Nearly overhead in the mid-evening hours of northern spring (and low over the northern horizon in the southern hemisphere), the constellation Cancer is the faintest of the twelve constellations of the zodiac. Many casual stargazers pass it by when looking from bright Gemini to the striking group Leo to the east. In city skies, the constellation is hard to see at all. Despite its inconspicuousness, there are some excellent sights in Cancer within reach of a telescope, including the superb star cluster M44, the Beehive Cluster, and the intriguing M67, one of the oldest known open star clusters.
The Beehive Cluster
One of the finest open star clusters on the Messier list, the Beehive is easily visible to the unaided eye in dark sky as a misty cloud just west of the mid-point between the stars Asellus Borealis and Asellus Australis, the northern and southern ‘donkeys’. These stars represent the animals which Dionysus and Hephaestus rode in a battle between the gods of Olympus and the Giants. The fearsome noise of the two donkeys frightened away the giants, and the Olympians placed the aselli in the heavens. The stars feed at a heavenly manger – the Beehive cluster – which is also called the Praesepe (“PRAY-see-pay”), Latin for ‘manger’.
One of the few star clusters known since antiquity, the Beehive was called the “Little Cloud” or “Cloudy Star” by the ancient Greek astronomer Hipparchus. The ancients used the cluster as a weather indicator. If it was invisible, as high cloud crept in as the air pressure fell, then violent storms were said to be on the way. Unlike the Pleiades, M45, this cluster can’t be resolved into individual stars with the unaided eye. Its true nature and striking beauty are revealed only with help of binoculars or rich-field telescope. Galileo was first to turn a telescope toward this “nebulous” object, and reported: “The nebula called Praesepe, which is not one star only, but a mass of more than 40 small stars.”
The cluster lies about 580 light years from Earth and stretches 16 light years across. It appears about 1.5o across (about 3x the size of the full moon), so examine it with your binoculars or telescope with a low-power eyepiece to see its full glory. It is a very fine object for binoculars.
About a dozen of the cluster’s constituent stars shine brighter than magnitude 7; the brightest is epsilon Cancri (magnitude 6.3). Three dozen more shine between magnitude 7 and 9. With larger telescopes, nearly 1,000 stars have been confirmed as members. Astronomers determine which stars are members of the cluster by measuring the common motion of the stars. If they’re all going in the same direction, they’re assumed to be from the same cluster.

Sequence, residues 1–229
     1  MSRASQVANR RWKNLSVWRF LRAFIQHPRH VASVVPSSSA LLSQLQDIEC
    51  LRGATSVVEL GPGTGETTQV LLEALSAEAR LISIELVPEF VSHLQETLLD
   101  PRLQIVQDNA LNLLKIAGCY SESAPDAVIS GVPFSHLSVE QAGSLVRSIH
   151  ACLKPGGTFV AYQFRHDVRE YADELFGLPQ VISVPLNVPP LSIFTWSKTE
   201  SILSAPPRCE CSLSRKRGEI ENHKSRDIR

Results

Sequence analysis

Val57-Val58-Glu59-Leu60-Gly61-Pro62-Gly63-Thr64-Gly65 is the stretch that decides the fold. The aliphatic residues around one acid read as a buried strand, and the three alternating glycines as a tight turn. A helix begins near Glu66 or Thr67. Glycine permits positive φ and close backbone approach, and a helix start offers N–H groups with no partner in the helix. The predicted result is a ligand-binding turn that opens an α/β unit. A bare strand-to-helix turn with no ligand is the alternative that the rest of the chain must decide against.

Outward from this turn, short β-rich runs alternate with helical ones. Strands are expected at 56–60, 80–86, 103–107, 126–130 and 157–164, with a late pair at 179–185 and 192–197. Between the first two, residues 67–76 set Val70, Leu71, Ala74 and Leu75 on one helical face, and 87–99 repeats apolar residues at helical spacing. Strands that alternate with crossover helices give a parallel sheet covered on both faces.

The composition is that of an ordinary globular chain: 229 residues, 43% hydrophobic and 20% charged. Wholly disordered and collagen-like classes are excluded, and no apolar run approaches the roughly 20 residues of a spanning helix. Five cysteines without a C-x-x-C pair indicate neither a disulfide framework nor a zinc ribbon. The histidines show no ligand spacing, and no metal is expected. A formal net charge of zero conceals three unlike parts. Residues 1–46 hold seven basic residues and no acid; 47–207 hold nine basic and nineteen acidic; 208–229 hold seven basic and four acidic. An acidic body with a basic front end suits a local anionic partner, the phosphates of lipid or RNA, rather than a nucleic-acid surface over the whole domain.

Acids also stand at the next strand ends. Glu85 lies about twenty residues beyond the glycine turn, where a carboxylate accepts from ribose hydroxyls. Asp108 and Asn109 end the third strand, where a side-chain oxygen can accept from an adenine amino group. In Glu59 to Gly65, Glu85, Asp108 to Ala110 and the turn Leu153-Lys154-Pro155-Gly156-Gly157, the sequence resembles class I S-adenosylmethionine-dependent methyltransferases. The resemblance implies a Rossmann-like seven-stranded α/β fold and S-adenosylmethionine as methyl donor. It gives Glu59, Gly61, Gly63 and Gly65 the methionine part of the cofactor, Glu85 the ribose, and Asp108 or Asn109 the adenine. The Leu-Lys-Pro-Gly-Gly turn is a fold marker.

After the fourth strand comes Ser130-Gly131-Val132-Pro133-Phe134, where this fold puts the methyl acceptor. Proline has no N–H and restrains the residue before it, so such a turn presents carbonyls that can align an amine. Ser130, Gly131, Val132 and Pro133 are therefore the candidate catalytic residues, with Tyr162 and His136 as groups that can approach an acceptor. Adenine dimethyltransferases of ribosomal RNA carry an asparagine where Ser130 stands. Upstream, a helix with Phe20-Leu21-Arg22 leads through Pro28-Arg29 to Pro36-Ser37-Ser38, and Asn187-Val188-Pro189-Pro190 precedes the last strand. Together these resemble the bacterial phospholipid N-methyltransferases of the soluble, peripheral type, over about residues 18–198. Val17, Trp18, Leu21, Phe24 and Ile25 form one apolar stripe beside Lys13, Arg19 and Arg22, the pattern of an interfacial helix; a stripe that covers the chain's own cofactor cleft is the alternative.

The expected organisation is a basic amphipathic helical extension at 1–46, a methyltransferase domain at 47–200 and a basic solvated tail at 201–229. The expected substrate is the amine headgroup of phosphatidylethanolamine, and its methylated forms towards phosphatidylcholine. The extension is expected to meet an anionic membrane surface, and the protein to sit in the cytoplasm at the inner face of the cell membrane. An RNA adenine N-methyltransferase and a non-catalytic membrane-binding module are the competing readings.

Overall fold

The Beehive emerged out of a great diffuse gaseous nebula some 730 million years ago. That’s long enough for many of its brightest and most massive stars to fall towards the center of the cluster, a process known as dynamical relaxation. Given its great age, the cluster also features many red giant stars that have evolved off the main sequence and are nearing the end of their lives.
Some studies suggest the Praesepe has a common origin with the Hyades cluster which forms much of the constellation Taurus to the west. The two clusters have since separated, but they’re still headed in the same direction.
Because of its nebulous appearance to the unaided eye, the ancient Japanese believed the cluster was a lump of souls, and the sight of it terrified them. It’s called seki shiki in Japanese which translates as “piled corpse spirits”.
Messier 67 – An Ancient Open Cluster
The Beehive is the most famous Messier object in Cancer, but it’s not the only one. Messier 67 lies in the southern regions of this small constellation some 1.7o west of α (alpha) Cancri, also called Acubens. M67 is easily visible with binoculars or a finder scope. At moderate magnifications, a 3-inch scope shows a misty splash of unresolved stars. A 4 to 6-inch scope reveals 40-50 faint stars spread over almost half a degree. The brightest star is 8th magnitude and shines yellow-orange on the cluster’s northern edge.
The cluster likely retains some 500 stars, an amazing feat given its great age of 2.5 billion to 5 billion years. That’s much older than more typical open clusters like the Pleiades which formed just 100 million years ago. Very few open star clusters survive to this age before their stars are tugged away by gravitational interactions with passing stars or gas clouds. M67 may remain intact because it lies about 1,500 light years above the plane of the Milky Way where it avoids interactions with other massive bodies that might otherwise strip the cluster of stars over the eons. The cluster lies almost 3,000 light years from our solar system.
In 2010, a detailed study of M67 led to an intriguing hypothesis – that our Sun was once a member of M67. The age of the cluster is about right, and some of the cluster’s stars have a composition very much like the Sun. But more recent analysis of the relative speeds of M67 and the Sun throw cold water on this idea. Our star most certainly formed in an open cluster like M67, but that cluster has yet to be identified. Or more likely, our home cluster has long since dispersed into the wider Milky Way.Share This: